"Twenty years undisturbed possession, without any admission of holding under the mortgage, or treating it as a mortgage during that period, is a bar to a bill to redeem. But if within that period there be any account, or solemn acknowledgment of the mortgage as subsisting, it is otherwise. Dextor v. Arnold, 1 Sumn.C.C. 109. "
A mortgagor cannot redeem after a lapse of twenty years, after forfeiture and possession, no interest having been paid in the meantime, and no circumstances appearing to account for the neglect. Hughes v. Edwards, 9 Wheat. 489. Where the mortgagee brings his bill of foreclosure, the mortgage will, after the same length of time, be presumed to have been discharged unless there be circumstances to repel the presumption, as payment of interest, a promise to pay, an acknowledgment by the mortgagor that the mortgage is still existing, and the like. Id.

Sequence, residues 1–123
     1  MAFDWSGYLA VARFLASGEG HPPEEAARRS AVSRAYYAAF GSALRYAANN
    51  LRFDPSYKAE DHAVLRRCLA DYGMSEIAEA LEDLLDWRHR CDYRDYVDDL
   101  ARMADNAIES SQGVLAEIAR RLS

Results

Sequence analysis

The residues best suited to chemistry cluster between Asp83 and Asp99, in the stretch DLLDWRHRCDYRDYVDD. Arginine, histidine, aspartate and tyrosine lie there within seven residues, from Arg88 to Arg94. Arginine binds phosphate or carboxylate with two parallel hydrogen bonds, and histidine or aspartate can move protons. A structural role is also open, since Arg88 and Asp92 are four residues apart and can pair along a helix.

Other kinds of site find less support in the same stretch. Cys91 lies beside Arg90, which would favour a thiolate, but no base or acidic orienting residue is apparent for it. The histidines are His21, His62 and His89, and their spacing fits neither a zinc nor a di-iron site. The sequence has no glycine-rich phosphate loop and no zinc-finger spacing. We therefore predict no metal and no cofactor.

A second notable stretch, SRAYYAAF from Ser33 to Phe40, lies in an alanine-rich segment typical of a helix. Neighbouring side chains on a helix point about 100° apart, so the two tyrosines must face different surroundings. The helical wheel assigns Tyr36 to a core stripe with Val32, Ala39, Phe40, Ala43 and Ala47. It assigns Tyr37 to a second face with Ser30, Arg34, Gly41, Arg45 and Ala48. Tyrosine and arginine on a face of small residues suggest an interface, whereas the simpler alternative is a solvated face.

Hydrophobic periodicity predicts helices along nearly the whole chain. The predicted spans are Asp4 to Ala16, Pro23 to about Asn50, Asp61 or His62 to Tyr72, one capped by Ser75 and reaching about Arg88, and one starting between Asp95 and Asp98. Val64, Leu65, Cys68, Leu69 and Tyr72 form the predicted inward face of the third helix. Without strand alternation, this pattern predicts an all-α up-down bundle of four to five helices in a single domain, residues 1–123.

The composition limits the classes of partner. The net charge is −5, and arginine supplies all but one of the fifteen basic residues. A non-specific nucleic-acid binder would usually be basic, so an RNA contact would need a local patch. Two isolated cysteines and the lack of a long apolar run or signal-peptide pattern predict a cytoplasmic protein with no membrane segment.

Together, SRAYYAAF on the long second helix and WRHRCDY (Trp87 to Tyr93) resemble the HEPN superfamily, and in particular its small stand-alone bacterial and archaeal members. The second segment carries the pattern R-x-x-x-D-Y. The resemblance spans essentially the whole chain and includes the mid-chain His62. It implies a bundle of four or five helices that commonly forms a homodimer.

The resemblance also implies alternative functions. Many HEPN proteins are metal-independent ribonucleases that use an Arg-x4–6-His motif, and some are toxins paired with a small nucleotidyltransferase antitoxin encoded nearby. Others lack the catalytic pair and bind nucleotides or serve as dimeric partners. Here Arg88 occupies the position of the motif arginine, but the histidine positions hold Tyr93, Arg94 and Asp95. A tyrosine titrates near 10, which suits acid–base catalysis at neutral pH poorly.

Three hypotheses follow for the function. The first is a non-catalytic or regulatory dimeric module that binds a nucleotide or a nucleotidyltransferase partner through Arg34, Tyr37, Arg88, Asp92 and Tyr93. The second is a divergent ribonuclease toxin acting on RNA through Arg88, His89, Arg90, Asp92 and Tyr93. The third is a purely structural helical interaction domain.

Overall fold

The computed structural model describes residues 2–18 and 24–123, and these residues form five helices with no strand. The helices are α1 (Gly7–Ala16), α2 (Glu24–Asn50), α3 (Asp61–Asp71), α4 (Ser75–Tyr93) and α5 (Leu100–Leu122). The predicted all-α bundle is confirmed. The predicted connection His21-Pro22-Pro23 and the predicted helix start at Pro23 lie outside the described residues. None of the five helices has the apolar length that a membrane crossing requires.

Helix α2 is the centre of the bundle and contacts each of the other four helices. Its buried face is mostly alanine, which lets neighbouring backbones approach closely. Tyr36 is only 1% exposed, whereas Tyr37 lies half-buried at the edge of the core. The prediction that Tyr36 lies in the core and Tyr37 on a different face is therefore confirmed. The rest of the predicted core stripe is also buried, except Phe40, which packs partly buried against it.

In every point of view in which the case may be considered, it is clear that there is no ground of equity, on which the complainants can have relief.
The decree of the circuit court is
Affirmed with costs.
This cause came on to be heard on the transcript of the record, from the Circuit Court of the United States for the Western District of Pennsylvania, and was argued by counsel. On consideration whereof, it is now here ordered, adjudged, and decreed by this Court, that the decree of the said circuit court in this cause, be, and the same is hereby affirmed, with costs.